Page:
David Cameron gets tough on the internet corporations. He wants them to do more to combat online child pornography. A warning to flash up if someone puts in a vile search term, for example.
I don’t wish to diminish the appalling scurge of child pornography. “Every photo is a crime scene” says Cameron. I agree with that.
In one sense this Cameron “initiative” (although I hesitate to describe it as such because I doubt whether Cameron’s “proposals” have sufficient technical or intellectual rigour to be described as such) is laudable. Of course, the corporations could do more.
In another sense, I suspect a rather cynical headline-gathering stunt here.
“Everyone is an expert” on the internet, and that includes me.
But I had difficulty understanding what Cameron is trying to do when I watched his Andy Marr interview yesterday. (Welcome back Andrew Marr, by the way).
At one point it seemed he wanted to protect kids like his own from exposure to online filth.
But I suspect any wealthy home counties family has net nanny filter software coming out of its ears.
So he wants to stop offenders putting in awful search terms to find appalling photos….is that it?
Even prohibited searches might screen out some offenders. But these seem token measures.
There is still “peer to peer” as mentioned in the interview.
But, generally, the internet is of such a character that, I suspect, if you put your mind to it, you can find an alternative way to do anything.
For example. A person who is so intelligent and internet-savvy that he has a PhD in it, once explained to me that you can become your own Internet Service Provider (ISP) by using your own server to get online. Indeed, another wonk, with almost comically impenetrable knowledge of the internet, explained the same thing to me the other day (I think). And once you are your own ISP, I suspect you can do a lot.
Cameron is basically using a silly season media window to try to convince us that he, or governments, have power over the internet corporations.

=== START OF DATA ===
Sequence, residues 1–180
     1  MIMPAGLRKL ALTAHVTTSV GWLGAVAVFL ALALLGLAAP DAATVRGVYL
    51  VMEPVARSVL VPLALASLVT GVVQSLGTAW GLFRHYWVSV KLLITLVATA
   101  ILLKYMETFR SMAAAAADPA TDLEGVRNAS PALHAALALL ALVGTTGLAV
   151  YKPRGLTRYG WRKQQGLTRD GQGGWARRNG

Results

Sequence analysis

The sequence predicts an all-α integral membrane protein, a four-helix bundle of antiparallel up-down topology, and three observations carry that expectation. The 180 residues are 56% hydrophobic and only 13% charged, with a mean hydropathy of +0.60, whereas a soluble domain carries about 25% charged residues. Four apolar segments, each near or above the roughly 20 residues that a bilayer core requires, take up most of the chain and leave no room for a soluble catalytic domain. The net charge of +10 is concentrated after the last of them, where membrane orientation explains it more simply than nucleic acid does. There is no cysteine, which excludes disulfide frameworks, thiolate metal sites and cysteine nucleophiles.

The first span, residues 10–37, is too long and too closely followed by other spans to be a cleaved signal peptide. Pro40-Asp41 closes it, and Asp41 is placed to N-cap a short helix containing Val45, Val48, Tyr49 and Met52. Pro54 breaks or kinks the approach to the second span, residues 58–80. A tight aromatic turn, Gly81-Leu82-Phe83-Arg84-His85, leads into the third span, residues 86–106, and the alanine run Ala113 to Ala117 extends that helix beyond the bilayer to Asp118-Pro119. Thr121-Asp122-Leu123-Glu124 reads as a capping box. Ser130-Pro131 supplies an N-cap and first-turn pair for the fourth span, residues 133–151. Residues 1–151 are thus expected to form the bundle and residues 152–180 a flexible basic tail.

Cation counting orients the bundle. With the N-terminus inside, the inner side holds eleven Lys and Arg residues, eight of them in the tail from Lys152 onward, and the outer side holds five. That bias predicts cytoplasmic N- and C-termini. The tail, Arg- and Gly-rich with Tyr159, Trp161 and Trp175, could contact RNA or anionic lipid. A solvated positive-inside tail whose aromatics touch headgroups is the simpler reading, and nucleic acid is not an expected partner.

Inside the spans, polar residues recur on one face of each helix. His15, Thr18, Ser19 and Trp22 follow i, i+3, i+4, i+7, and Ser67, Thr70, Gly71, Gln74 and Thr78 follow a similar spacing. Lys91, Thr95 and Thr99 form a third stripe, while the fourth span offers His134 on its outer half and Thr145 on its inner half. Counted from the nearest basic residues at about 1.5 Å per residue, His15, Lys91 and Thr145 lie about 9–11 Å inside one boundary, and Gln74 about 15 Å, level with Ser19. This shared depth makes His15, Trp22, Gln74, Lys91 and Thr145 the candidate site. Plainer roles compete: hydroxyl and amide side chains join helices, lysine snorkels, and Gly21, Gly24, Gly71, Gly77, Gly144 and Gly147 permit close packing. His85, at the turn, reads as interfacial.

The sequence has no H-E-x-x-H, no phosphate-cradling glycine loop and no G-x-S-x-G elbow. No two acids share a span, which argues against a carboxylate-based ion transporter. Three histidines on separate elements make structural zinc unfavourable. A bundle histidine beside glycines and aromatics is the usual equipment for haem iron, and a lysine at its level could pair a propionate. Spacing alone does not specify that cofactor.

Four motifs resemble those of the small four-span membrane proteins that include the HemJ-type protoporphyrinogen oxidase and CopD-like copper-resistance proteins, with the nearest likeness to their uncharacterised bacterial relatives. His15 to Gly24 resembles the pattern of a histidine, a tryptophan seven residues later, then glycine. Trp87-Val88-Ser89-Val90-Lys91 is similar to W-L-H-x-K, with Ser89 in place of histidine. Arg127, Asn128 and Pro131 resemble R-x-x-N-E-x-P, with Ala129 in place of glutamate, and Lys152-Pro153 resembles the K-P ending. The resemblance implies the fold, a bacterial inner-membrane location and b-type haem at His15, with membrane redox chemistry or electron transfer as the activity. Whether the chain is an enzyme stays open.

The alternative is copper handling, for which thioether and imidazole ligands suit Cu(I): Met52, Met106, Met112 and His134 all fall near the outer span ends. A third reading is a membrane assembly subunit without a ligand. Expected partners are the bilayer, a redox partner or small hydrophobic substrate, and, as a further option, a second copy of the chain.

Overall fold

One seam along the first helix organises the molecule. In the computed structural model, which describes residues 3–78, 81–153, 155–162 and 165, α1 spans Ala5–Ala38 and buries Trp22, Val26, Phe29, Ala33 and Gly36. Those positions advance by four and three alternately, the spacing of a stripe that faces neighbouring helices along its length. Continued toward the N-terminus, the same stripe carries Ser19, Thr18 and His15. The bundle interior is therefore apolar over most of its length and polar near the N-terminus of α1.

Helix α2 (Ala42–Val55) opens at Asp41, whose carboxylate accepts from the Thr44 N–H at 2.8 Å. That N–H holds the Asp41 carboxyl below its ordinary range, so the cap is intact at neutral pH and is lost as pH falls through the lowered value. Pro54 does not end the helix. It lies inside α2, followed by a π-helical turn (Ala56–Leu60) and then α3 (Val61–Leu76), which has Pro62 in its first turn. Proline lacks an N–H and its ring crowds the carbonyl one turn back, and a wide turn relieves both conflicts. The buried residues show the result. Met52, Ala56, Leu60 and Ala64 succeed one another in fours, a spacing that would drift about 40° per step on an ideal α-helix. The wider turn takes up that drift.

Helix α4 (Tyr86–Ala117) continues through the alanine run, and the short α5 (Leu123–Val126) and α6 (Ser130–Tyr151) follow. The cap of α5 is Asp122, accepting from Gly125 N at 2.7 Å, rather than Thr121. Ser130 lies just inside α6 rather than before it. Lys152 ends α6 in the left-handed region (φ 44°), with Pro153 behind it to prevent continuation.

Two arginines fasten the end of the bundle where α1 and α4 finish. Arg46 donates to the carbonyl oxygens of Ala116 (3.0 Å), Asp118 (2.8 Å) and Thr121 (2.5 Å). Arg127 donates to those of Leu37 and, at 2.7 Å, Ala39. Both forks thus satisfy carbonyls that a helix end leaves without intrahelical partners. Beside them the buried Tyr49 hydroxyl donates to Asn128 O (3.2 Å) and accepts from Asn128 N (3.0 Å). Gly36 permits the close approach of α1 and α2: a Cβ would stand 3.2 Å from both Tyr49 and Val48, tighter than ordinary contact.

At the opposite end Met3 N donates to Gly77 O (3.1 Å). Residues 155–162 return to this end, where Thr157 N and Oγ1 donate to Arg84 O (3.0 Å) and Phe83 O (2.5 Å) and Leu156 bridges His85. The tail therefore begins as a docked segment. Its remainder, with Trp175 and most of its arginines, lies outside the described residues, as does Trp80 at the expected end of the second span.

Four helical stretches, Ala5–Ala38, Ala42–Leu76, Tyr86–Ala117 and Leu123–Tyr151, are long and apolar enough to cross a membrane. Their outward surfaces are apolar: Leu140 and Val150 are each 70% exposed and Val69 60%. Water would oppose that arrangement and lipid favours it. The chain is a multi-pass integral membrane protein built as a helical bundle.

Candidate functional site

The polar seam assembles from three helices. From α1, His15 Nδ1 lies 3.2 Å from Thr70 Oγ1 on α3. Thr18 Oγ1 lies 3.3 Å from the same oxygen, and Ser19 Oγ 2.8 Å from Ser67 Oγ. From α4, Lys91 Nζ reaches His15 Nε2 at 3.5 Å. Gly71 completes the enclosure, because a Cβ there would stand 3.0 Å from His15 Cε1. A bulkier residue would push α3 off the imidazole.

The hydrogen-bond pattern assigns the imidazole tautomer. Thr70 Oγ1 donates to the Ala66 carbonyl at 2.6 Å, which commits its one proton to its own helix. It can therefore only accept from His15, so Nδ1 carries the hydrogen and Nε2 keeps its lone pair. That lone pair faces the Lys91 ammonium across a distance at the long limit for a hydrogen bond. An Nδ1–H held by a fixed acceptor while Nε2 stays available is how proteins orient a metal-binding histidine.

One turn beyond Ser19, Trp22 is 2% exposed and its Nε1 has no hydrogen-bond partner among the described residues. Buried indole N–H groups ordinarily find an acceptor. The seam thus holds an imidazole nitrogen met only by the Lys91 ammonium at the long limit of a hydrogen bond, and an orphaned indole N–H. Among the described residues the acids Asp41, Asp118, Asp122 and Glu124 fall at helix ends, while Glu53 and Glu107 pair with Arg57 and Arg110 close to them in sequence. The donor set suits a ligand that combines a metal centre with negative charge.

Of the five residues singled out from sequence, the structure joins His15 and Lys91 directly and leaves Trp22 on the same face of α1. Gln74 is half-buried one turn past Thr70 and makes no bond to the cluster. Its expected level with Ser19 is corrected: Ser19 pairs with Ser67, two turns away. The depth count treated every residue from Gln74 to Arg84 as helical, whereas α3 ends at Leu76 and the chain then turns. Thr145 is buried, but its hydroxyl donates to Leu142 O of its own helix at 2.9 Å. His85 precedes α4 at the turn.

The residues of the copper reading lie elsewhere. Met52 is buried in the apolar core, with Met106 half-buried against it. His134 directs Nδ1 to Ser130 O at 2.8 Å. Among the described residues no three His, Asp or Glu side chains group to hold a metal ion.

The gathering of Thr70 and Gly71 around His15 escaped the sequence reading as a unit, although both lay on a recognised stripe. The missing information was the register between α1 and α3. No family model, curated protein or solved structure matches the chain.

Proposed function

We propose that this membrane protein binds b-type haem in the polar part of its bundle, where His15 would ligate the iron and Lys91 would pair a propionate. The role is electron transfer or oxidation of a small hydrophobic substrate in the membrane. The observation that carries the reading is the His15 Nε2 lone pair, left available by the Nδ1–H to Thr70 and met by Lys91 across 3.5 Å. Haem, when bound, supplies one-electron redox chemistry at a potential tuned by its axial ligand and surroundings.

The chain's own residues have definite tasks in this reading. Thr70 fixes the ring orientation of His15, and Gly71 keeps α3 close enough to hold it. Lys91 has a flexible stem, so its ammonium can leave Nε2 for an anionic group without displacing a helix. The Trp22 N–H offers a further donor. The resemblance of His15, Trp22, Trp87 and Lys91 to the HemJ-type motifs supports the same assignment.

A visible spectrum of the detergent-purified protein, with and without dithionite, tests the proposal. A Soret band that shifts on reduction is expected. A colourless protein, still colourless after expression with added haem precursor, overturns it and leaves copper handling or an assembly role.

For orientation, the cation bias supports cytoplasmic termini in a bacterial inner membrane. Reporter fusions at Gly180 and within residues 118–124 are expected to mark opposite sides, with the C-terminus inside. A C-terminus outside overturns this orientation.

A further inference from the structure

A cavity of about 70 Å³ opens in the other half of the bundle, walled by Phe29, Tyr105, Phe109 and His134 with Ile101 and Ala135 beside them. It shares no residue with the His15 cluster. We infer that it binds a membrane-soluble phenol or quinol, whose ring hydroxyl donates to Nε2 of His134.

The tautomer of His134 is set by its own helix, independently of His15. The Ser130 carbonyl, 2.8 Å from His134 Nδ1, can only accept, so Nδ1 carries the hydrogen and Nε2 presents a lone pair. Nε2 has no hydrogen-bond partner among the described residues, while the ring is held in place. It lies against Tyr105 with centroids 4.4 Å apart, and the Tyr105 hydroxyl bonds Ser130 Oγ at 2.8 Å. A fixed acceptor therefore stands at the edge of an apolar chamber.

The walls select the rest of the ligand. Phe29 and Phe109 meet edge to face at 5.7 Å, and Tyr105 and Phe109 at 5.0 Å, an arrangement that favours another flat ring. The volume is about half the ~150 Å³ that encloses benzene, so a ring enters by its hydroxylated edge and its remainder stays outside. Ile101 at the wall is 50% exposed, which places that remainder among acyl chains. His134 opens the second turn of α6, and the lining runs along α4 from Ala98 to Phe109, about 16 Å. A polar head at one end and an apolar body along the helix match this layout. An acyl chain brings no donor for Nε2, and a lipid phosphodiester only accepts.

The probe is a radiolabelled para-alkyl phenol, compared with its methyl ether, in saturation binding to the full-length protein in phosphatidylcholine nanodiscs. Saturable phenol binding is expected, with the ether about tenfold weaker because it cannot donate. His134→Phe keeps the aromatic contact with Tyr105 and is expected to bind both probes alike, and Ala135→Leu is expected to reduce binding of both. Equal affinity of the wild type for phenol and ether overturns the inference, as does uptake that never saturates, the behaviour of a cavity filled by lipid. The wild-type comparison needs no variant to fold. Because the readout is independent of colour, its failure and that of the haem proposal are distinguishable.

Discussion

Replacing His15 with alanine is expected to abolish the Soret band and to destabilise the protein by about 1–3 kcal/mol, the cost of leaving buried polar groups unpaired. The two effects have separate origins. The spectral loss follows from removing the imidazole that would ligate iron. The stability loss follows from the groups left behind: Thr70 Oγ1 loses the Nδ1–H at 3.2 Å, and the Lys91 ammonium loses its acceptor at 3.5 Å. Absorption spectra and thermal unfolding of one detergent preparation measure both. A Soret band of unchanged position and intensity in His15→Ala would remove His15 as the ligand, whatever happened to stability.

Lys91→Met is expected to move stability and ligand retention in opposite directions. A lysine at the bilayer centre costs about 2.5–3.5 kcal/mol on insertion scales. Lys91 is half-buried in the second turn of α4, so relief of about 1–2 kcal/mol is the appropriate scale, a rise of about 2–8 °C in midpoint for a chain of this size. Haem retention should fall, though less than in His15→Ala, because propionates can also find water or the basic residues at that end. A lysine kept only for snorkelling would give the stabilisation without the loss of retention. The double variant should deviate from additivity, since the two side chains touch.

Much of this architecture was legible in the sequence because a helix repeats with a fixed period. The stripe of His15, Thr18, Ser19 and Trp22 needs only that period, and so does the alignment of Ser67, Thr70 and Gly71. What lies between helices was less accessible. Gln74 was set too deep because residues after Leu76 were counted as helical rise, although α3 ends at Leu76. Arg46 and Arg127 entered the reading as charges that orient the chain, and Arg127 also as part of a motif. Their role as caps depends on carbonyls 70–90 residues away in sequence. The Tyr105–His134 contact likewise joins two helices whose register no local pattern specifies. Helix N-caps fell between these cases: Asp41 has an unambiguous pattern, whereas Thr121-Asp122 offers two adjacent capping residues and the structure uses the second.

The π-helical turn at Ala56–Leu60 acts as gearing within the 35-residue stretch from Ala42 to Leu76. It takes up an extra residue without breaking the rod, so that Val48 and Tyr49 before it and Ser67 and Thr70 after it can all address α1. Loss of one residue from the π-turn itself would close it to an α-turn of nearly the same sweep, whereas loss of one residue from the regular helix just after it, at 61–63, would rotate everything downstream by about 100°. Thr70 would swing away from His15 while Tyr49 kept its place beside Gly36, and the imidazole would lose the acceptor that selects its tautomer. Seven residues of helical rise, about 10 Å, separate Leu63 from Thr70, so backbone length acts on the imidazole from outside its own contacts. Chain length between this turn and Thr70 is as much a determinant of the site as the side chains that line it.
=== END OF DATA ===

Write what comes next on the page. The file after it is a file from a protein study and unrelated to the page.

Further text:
In one sense, he and governments don’t have much power in this area. People won’t tolerate the North Korean-style solutions that would be needed to really crack down on illegal web use.
In another sense, if Cameron really means business, why doesn’t he just get his girls and boys to use their 30 day window (see Edward Snowden revelations) to track down every iffy search term enterer? (I gest, of course). That would keep the girls and boys busy. Morning lasses and lads!
I suspect that the “flashing warnings” he seems to be talking about might deter the odd beginner offender.
At best, they might make prosecutions clearer. “The warnings were ignored” takes away any suggestion of naive ignorance.
This morning, we have a couple of “announcements” on the coat tails of Cameron’s interview yesterday. Neither was mentioned by Cameron yesterday.
Firstly, depictions of rape are to be made illegal. I thought they were already, but, if not, I welcome this and wish good luck to the civil servants who have to wordsmith this provision.
Secondly, we hear that there will be an opt-in filter for porn on “households”. This is not a new idea. I can’t help thinking we are in danger of muddling up legal and illegal porn.
Such an opt-in filter will certainly stop a heck of a lot of legal activity. It may also nip some embryonic illegal activity in the bud. In that sense, I welcome it.
But, again, if you put such a restriction into the internet environment, then I suspect you simply push offenders into creating another by-pass procedure.
Would such a measure stop email or peer-to-peer sharing of illegal images, for example? I somehow doubt it.
(I put “households” above in inverted commas because surely illegal internet use cannot be reduced to such handy units as “households” can it? With tablets and mobiles etc, it seems rather odd to discuss internet use in such terms.)